Journal Information
Vol. 51. Issue 8.
Pages 419-420 (August 2015)
Vol. 51. Issue 8.
Pages 419-420 (August 2015)
Letter to the Editor
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Pleural Effusion Secondary to Actinomyces Infection as a Late Complication of Laparoscopic Cholecystectomy
Derrame pleural secundario a infección por Actinomyces como complicación tardía de una colecistectomía laparoscópica
Rocío Magdalena Díaz Camposa,
Corresponding author

Corresponding author.
, Francisco López-Medranob, Antonio Laluezab, Fernando Granados Caballeroc, Victoria Villena Garridoa
a Servicio de Neumología, Hospital Universitario 12 de Octubre, Madrid, Spain
b Unidad de Enfermedades Infecciosas, Servicio de Medicina Interna, Hospital Universitario 12 de Octubre, Madrid, Spain
c Servicio de Radiología, Hospital Universitario 12 de Octubre, Madrid, Spain
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To the Editor,

Cases of intra-abdominal actinomycosis have been described years after cholecystectomy, although it is a rare complication. Due to the slow growth of Actinomyces, symptoms can present months or even years after surgery.1,2

We present the case of a 71-year-old patient who underwent delayed laparoscopic cholecystectomy for acute cholecystitis. Four years later, he presented with dyspnea, cough, asthenia and pleuritic pain in the right hemithorax. On physical examination he was found to have a hard, painful swelling on the lateral region of the right hemithorax (Fig. 1A), with absent breath sounds. Acute phase reactants were elevated, and the chest radiograph showed right pleural effusion. Computed tomography (CT) revealed thickening of the pleura of the right posterolateral costophrenic angle (2.5-cm in thickness) and a hypodense area inside with extrapleural fat involvement, muscle thickening and pleural effusion (Fig. 1B). Thoracocentesis was performed and a fluid consistent with an exudate with predominantly polymorphonuclear cells was obtained, which later became mononuclear cell-predominant. Microbiology and cytology were negative. Needle biopsy of the pleural thickening reported an inflamed abscess. Ultrasound of the rib region showed a 3-cm hypoechoic mass, with multiple echoes, consistent with an abscess. This was aspirated and purulent matter was extracted; subsequent culture revealed Actinomyces israelii and Escherichia coli. From that time, the patient presented a chest wall fistula. Intravenous (i.v.) amoxicillin/clavulanic acid treatment was started for 14 days, followed by a further 4 weeks of i.v. penicillin. After 6 weeks of i.v. antibiotic, clinical improvement was observed and the fistula closed. Oral amoxicillin was continued until the patient had completed 12 months of treatment. A follow-up CT scan performed after the patient had been on antibiotics for 5 months showed a reduction in the effusion, with no changes in the pleural thickening.

Fig. 1.

(A) Image of the lesion in the lateral region of the right hemithorax. (B) Chest CT slice showing thickening of the pleura of the right posterolateral costophrenic angle with a hypodense area inside, with extrapleural fat involvement, muscle thickening and pleural effusion.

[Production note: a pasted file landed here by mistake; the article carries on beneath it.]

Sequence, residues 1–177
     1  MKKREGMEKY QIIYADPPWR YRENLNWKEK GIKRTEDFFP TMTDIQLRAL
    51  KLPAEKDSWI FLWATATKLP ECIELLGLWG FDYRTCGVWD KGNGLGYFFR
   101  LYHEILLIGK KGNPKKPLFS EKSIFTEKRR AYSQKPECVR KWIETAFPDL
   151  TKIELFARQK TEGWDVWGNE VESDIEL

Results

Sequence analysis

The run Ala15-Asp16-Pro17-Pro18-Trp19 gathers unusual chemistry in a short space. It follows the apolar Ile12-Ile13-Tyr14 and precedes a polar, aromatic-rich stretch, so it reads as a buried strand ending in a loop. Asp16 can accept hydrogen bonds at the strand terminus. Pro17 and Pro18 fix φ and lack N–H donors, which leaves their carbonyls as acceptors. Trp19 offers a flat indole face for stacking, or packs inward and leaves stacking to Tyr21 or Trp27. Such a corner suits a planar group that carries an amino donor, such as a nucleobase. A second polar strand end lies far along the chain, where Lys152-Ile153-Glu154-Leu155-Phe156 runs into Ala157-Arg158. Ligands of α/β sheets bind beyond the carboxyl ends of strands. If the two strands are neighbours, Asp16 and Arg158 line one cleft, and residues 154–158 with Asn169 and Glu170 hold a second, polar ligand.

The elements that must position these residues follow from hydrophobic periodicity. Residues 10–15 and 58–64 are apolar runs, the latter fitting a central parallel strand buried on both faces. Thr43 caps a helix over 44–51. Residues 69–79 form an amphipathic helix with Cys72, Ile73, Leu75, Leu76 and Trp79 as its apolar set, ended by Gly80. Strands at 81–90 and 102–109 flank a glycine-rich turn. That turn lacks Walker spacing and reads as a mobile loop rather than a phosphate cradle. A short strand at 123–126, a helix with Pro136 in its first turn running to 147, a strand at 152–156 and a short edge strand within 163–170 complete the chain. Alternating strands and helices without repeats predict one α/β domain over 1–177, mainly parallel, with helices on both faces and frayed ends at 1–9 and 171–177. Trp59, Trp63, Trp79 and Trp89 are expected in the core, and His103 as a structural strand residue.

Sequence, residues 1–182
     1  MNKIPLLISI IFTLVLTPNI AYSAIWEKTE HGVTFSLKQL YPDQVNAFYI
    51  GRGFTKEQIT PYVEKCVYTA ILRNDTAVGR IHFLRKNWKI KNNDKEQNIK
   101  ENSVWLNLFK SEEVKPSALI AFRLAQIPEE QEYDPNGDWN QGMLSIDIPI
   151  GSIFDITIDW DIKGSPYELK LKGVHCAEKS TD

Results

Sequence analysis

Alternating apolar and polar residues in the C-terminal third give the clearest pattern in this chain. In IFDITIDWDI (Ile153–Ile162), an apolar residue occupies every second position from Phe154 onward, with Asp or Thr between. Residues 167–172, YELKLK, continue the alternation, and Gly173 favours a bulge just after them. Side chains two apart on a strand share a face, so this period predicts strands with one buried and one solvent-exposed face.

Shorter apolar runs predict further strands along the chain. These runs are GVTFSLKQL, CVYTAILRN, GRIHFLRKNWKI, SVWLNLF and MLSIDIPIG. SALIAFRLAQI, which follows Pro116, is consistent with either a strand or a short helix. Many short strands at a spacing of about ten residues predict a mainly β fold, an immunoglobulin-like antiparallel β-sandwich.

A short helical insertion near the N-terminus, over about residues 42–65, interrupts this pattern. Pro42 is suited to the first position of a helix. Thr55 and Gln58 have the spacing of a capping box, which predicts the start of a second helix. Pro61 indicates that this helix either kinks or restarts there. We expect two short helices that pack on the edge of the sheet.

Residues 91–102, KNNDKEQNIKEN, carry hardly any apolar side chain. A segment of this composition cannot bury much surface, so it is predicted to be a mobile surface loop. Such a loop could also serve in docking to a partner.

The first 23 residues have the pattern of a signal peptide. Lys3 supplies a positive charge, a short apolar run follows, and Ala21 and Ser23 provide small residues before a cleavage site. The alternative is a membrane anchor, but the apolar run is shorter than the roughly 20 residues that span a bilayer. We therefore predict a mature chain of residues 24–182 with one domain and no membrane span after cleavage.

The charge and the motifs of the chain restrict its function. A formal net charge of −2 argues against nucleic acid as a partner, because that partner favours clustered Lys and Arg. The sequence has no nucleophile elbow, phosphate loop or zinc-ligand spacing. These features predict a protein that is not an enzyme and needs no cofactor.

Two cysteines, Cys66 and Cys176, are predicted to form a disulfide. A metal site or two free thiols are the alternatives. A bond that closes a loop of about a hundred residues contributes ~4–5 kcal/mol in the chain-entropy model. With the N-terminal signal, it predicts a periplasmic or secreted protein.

A. israelii inhabits the oral cavity and upper gastrointestinal tract. Infection can occur when the mucosal barrier is damaged due to endoscopic manipulation, surgery or immunosuppression. Sulfur granules are characteristic on histological examination, but definitive diagnosis is made with microbiological isolation.3 The infection is usually found in middle-aged men with poor dental hygiene, and is most often located in the cervicofacial area (50%), followed by the abdomen (20%) and chest (15%–20%).2

The most common cause of chest involvement is aspiration of secretions,2 and it can present as empyema, pneumonia that progresses to cavitation, and pericardial or diaphragmatic involvement.4

Symptoms are variable and non-specific, and the patient may be asymptomatic. Acute phase reactants are generally elevated.3

Initial treatment is i.v., with maximum doses for 4–6 weeks followed by oral treatment for a further 6 to 12 months. Penicillin is the drug of choice, although tetracycline, erythromycin or clindamycin may be also used in patients who are allergic to penicillin. Chest involvement usually requires more prolonged treatment than involvement at any other level. There are specific indications for surgery; as this alone is not curative, it must always be combined with prolonged high-dose antibiotic treatment.2,5

When diagnosed and treated promptly, the prognosis is good, with low mortality.5

Thus, pleural effusion with chest wall involvement in a patient with a history of laparoscopic cholecystectomy could be secondary to abdominal infection by Actinomyces.

D. Stupak, S. Cohen, F. Kasmin, Y. Lee, J.H. Siegel.
Intra-abdominal actinomycosis 11 years after spilled gallstones at the time of laparoscopic cholecystectomy.
Surg Laparosc Endosc Percutan Tech, 17 (2007), pp. 542-544
J.C. Choi, W.J. Koh, T.S. Kim, K.S. Lee, J. Han, H. Kim, et al.
Optimal duration of IV and oral antibiotics in the treatment of thoracic actinomycosis.
Chest, 128 (2005), pp. 2211-2217
D. Ozgediz, J. Zheng, E.B. Smith, C.U. Corvera.
Abdominal actinomycosis after laparoscopic cholecystectomy: a rare complication of bile spillage.
Surg Infect, 10 (2009), pp. 297-300
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Actinomicosis como causa de un derrame pleural.
Arch Bronconeumol, 38 (2002), pp. 153-154
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Please cite this article as: Díaz Campos RM, López-Medrano F, Lalueza A, Granados Caballero F, Villena Garrido V. Derrame pleural secundario a infección por Actinomyces como complicación tardía de una colecistectomía laparoscópica. Arch Bronconeumol. 2015;51:419–420.

Copyright © 2014. SEPAR
Archivos de Bronconeumología

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